Sarkozy announces plan to return to French politics
Former president says he cannot ignore the suffering of his compatriots
Former French president Nicolas Sarkozy leaves a Paris restaurant last Friday, the day he announced on his Facebook page that he is a candidate for the leadership of the conservative UMP party, which will elect its new president on November 29th. Photograph: Reuters/Charles Platiau
When the former French president Nicolas Sarkozy was defeated by François Hollande on May 6th, 2012, he promised to leave French political life. In a prime time television interview last night, Mr Sarkozy returned from the political wilderness, claiming to have learned tact and wisdom.
Mr Sarkozy announced on his Facebook page on Friday that he is a candidate for the leadership of the conservative UMP party, which will elect its new president on November 29th. He says he will change the party’s name, “transcend the left/right divide” and win disillusioned voters back from the extreme right-wing National Front.
Mr Sarkozy has always portrayed his political ambition as a question of sacrifice and duty.
“I am French in every centimetre of my body,” he said.
“I have watched France for 2½ years. I never saw such despair, such anger, such lack of hope . . . I have no choice. I must give back a part of what my country gave to me.”
Mr Sarkozy faces a serious challenge from Bruno Le Maire, a young and popular parliamentary deputy, for the UMP leadership. It is no secret he intends to use the party as a launching pad for the conservative presidential primary in the autumn of 2016. Two former prime ministers – Alain Juppé and François Fillon – have already declared their candidacy for the primary. Mr Juppé surpasses Mr Sarkozy in opinion polls.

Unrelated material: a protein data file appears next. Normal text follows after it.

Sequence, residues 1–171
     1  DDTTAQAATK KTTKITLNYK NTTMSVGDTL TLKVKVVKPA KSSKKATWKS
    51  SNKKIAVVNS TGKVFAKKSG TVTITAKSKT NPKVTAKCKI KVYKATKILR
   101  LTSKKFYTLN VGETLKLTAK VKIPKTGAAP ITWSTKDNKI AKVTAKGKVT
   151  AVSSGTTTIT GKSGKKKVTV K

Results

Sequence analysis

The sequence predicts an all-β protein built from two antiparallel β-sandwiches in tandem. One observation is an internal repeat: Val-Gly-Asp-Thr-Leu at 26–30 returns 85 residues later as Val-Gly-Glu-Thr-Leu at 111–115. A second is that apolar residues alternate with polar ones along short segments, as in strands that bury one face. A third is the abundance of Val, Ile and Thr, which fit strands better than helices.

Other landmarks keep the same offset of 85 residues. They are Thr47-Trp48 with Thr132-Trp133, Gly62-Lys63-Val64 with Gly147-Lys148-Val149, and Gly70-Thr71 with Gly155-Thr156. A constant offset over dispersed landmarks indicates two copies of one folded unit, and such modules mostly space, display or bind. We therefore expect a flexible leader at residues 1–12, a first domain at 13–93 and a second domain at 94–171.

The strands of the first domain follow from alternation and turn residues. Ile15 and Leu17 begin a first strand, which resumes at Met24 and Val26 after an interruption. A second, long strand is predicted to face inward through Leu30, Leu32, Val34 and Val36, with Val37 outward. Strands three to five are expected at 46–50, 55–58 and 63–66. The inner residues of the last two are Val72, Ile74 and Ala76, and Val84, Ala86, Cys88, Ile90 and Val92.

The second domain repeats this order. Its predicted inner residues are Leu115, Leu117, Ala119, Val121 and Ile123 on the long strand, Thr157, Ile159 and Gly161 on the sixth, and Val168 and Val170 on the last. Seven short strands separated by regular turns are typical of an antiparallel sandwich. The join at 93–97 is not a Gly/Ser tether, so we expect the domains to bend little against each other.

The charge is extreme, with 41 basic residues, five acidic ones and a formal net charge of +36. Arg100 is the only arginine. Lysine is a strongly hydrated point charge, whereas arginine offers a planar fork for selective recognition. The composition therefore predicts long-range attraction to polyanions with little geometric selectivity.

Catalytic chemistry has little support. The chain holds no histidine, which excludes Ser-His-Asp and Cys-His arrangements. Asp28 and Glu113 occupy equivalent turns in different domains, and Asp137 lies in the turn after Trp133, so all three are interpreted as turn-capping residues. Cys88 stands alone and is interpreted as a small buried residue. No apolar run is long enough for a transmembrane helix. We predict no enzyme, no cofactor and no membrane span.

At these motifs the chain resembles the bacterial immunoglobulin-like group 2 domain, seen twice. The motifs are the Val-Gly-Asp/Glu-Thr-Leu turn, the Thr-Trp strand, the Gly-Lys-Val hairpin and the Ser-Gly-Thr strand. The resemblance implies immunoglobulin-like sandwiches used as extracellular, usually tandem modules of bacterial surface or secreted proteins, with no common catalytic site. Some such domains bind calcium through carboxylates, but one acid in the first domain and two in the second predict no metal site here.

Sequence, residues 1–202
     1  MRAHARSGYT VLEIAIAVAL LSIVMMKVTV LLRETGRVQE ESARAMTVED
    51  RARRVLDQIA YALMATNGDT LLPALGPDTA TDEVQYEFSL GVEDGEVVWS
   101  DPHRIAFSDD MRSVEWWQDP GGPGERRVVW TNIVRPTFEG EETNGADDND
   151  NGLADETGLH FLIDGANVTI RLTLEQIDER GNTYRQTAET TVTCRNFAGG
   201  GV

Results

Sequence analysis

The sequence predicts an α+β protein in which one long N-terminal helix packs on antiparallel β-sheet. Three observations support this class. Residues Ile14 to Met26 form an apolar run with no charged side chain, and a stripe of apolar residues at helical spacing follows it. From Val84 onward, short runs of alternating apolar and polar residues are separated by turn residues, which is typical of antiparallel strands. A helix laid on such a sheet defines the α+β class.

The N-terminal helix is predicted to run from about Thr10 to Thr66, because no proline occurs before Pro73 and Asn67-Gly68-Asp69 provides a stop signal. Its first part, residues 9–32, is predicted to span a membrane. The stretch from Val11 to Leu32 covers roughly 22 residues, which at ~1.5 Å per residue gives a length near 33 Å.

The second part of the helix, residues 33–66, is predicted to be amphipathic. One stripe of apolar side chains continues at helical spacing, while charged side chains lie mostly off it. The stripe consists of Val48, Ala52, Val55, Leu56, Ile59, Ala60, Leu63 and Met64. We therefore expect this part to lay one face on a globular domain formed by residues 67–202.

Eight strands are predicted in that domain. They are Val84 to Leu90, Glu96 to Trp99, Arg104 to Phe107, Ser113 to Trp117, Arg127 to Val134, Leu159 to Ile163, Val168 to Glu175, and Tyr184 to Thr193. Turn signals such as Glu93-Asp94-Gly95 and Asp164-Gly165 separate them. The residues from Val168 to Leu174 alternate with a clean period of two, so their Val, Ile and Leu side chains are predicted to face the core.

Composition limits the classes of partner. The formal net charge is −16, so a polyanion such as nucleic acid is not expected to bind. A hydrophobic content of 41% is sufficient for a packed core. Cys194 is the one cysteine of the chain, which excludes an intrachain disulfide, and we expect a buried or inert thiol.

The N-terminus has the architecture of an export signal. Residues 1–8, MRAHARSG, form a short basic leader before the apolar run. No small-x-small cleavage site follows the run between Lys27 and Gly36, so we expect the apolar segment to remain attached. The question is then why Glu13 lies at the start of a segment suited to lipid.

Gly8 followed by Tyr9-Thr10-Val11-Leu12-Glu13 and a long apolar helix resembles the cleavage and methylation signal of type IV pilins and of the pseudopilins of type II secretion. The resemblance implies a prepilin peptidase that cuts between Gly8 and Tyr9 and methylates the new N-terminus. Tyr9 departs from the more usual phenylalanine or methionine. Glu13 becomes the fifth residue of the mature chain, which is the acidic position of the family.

“The disinformation has already started,” Mr Juppé told Europe 1 radio yesterday when asked about the arguments Mr Sarkozy uses against him, namely his age (71 at the time of the 2017 presidential election) and a conviction for corrupt practices at city hall when Jacques Chirac was mayor of Paris.
“I’m not going to spend time responding to what Nicolas Sarkozy allegedly says,” Mr Juppé replied. “As for problems with the judiciary, he’d be better off avoiding a contest!”
Mr Sarkozy’s name appears in seven pending scandals involving the abuse of influence and/or louche financial dealings.
So many of Mr Sarkozy’s acolytes have been charged or placed under investigation that commentator Franz-Olivier Giesbert suggests Mr Sarkozy should hold his political meetings at the Palais de Justice.
In the most serious case, the so-called Azibert affair, the former president was detained by police and questioned for 15 hours at the beginning of July, then placed under formal investigation for “active corruption”.
He and his lawyer are suspected of having offered to help a supreme court judge obtain a post he coveted in exchange for inside information on deliberations regarding another Sarkozy case.
“Do you think if I had the slightest thing to reproach myself that I would come back to politics?” Mr Sarkozy asked.
Both Mr Hollande and National Front leader Marine Le Pen would be delighted to face Mr Sarkozy in 2017. Opinion polls show that close to two-thirds of French voters still reject him.
“I can’t wait,” said Ms Le Pen. Referring to the “postcards” Mr Sarkozy has sent regularly to supporters since leaving office, in the form of press interviews and public appearances, Ms Le Pen continued: “This time he sent a letter-bomb to the UMP. He’s a man of the past, and a past that is discredited by his very poor results and daily scandals.”